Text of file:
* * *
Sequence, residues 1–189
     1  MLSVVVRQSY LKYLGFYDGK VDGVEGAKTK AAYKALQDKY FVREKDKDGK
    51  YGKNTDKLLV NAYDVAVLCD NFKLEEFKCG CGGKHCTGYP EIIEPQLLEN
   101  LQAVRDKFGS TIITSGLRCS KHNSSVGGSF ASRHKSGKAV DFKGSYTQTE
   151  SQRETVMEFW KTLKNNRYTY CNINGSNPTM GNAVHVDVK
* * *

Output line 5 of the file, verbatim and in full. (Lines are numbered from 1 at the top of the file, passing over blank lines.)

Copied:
   151  SQRETVMEFW KTLKNNRYTY CNINGSNPTM GNAVHVDVK